Configuring SciTE language Property files- IntelliSense for most languages

Configuring SciTE language Property filesConfiguring SciTE language Property files

One of the main reasons I love SciTE is because of the ability to use the ~70 language property files which show Intellisense.  I’ve put around 70 of them in this zip file and I’ve listed out the names of them at the bottom of this post.

Configure SciTE language Property files is easy.  In your User.Properties file just add something like this

import Properties\html
import Properties\sql
import Properties\python

The Properties folder needs to be either in the same directory as where SciTE is installed, or needs to be located in the folder where you have configured your SciTE Home variable to point to.

After importing the properties you want, I also recommend importing them to your language menu as well.  This way you can select what language you want to apply to the open file (this can come in pretty handy at times).  To do this you’ll still need to be in your User.Properties file.  Add something like below.  (The & is what will make that letter become an accelerator key)


And here are some notes to help understand what can be done when Configuring SciTE language Property files:

# Define the Lexer menu, Each item contains three parts: menu string | file extension | keyboard equivelant
# The only keys allowed currently are based on F-keys and alphabetic keys and look like # [Ctrl+][Shift+][Fn|a] such as F12 or Ctrl+Shift+D.
# A ‘&’ may be placed before a letter to be used as an accelerator. Each element is terminated by ‘|’. For example: H&ypertext|html|F12|

Here are the language property files provided in my zip file.


Create a SciTE Home variable for consistent settings on multiple computers

SciTE Home variable

SciTE Home variable

SciTE is an awesome editor which I use on multiple computers.  Instead of trying to keep track of my User.Properties files on each computer I’ve created a SciTE Home variable under my System settings.

This tells SciTE to use it for my default locations.  If you set it up on each computer you use you won’t have to worry about having different configuration settings.  While I predominately use it for AutoHotkey, I also show how you can setup importing other property files and configure the settings under languages.  Just remember you’ll need a folder that is accessible across each computer (I use DropBox to keep mine synced)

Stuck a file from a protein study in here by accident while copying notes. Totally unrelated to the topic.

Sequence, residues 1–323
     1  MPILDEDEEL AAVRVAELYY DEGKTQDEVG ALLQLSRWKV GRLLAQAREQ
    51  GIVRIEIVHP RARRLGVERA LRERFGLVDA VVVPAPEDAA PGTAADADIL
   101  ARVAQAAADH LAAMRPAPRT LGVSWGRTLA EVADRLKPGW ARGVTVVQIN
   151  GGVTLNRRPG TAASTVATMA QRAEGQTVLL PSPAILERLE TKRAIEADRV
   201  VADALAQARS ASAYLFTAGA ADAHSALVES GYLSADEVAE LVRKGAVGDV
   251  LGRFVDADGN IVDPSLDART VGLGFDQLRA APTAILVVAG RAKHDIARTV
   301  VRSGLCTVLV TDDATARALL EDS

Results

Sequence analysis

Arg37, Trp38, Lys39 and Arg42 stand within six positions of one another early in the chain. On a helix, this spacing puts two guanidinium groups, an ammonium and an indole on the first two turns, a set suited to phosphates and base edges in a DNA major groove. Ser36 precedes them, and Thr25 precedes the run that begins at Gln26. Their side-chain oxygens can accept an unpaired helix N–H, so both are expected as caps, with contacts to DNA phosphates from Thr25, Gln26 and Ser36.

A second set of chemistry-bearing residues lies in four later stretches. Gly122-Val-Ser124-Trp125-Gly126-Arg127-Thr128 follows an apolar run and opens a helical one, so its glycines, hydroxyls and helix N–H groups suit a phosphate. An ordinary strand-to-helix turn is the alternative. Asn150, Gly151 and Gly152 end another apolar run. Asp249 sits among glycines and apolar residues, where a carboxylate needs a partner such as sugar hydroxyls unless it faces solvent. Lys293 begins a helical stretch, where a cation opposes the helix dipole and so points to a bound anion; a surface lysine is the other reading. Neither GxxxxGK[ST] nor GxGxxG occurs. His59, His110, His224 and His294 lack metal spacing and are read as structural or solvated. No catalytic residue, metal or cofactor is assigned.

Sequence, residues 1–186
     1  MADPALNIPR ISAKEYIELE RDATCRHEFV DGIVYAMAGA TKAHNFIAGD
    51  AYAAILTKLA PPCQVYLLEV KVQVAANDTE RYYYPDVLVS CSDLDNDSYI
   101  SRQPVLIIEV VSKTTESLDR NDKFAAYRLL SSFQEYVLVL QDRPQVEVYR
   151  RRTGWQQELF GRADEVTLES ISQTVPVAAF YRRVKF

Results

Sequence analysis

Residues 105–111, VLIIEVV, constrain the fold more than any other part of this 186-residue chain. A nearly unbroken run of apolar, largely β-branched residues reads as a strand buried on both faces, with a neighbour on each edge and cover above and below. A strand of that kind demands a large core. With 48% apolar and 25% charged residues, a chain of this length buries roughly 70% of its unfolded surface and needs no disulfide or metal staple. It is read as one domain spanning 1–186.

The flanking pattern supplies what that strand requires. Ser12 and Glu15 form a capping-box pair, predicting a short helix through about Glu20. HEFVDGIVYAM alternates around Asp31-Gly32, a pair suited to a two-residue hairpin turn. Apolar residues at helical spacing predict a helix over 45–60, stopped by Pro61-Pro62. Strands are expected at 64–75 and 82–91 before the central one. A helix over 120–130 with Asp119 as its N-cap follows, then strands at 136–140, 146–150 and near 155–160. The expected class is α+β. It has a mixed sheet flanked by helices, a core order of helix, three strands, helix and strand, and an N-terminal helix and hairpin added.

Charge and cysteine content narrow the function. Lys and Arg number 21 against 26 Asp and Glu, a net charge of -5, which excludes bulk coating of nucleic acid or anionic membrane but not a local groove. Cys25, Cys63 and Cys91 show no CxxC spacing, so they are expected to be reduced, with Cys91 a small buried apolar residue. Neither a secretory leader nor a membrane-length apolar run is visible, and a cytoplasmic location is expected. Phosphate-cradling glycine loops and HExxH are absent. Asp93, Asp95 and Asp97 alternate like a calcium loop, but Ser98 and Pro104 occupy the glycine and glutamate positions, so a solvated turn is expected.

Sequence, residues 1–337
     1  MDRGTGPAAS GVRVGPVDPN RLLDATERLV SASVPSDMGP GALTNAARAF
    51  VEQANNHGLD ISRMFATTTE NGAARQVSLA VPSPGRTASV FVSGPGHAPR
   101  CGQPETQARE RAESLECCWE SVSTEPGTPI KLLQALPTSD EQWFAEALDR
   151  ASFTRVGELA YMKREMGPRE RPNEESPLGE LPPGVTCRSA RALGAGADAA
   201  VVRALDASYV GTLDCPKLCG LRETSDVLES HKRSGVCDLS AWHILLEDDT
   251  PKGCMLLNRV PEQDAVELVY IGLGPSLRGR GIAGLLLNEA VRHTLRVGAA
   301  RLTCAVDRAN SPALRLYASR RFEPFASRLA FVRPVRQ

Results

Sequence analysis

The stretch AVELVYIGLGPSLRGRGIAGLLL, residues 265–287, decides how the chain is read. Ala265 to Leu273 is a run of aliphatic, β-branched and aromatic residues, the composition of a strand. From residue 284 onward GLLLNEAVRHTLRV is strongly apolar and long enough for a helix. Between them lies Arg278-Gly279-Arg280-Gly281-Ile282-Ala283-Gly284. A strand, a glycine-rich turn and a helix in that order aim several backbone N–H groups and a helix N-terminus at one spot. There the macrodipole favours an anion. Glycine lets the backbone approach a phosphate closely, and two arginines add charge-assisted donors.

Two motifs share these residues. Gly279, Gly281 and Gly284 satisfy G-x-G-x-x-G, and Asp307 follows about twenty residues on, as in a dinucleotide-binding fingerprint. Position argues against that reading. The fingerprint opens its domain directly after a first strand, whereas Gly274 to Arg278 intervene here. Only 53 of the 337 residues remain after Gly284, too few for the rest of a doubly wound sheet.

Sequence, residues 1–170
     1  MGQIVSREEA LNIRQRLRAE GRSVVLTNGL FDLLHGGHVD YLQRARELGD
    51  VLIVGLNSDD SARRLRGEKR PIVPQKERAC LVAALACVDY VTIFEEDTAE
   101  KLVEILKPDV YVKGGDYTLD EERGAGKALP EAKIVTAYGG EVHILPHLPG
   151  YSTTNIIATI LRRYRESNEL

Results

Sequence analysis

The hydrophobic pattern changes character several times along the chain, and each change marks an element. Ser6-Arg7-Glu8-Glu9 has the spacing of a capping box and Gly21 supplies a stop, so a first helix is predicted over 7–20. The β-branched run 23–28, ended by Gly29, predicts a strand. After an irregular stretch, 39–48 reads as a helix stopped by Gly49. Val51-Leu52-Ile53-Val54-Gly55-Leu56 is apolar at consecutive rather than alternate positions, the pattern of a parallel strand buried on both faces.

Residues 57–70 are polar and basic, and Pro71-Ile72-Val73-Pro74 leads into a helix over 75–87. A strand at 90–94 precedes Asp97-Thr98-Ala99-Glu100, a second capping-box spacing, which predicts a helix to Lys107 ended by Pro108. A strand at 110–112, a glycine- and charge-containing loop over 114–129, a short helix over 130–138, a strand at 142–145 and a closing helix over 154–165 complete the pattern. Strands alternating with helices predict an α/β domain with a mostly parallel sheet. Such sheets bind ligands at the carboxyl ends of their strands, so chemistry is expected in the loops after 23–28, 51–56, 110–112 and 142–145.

Here’s  a video walking through the process of creating a SciTE Home variable.

Creating a SciTE Home variable for consistent default settings on multiple computers


Customizing the SciTE User.Properties file- How to tailor it to YOUR needs!

scite fileOut of the box, SciTE is a great editor!  I’m willing to bet the majority of people never customize it to their needs.  They are missing out!  In the below video I demonstrate how I customize the SciTE User.Properties file which allows me to tailor it very specifically to my needs.

In the below video I walk through my User.Properties file which you can download from here.  I don’t think anybody should have all of the settings I have, however I wanted to give y’all the syntax in case you want to borrow sections (without having to type it out.)   Please be sure you backup your file before doing any of this (I recommend you email yourself a copy to have as a static backup file just in case…)

SciTE file


In the video I mentioned a few important points that you need to review before using my file.  By going to

Control Panel –> System–>Advanced System Settings–>Advanced–>Environmental Variables…

I created a system variable entitled: Scite_Home.  Having this variable present means I can control where SciTE looks for the User.Properties file.  (This was important for me because I work on many computers and wanted to have the same settings on all the computers.  I also ran into issues that SciTE4AHK would over-write my SciTE User Properties file when I updated it.)



Video review of my SciTE User.Properties file

I hope you take the time to play with your configuration.  It can be frustrating at times however, in the long run, it is definitely worth it!

SciTE User Properties file

Using built-in SciTE Find and Replace features- Great time savers!

It always amazes me of how frequently I have to manipulate text I in various ways.  More often than not it is simply doing a SciTE find and replace but being able to have other ways to manipulate text is also a great time saver!

In this video I walk through some of the tips & tricks of using SciTE search and replace text within the text editor.  I also demonstrate one of the “coolest” features which is block / typing across multiple lines.  This is a GREAT feature which many do not know how to use.  The Regular Expressions and dealing with line returns / new lines are also very helpful.


SciTE find and replace

In the video I also showed how I updated my AutoHotKey file.  Below is the line I added

And here are a couple of helpful pages with SciTE  documentation, SciTE RegEx documentation

demo SciTE Find and Replace features

Excellent SciTE search and replace functionality

To avoid having to escape parens (watch above video) add the following in your SciTE file.   If set to 0, syntax uses the old Unix style where \( and \) mark capturing sections while ( and ) are themselves.  If set to 1, syntax uses the more common style where ( and ) mark capturing sections while \( and \) are plain parentheses.


Here are some useful POSIX terms which are more readable: [:xxx:] were xxx is one of the following words:
alnum    letters and digits
alpha    letters
word “word” characters (like \w)
digit    decimal digits (like \d)
space    white space
punct    printing characters, excluding letters and digits
lower    lower case letters
upper    upper case letters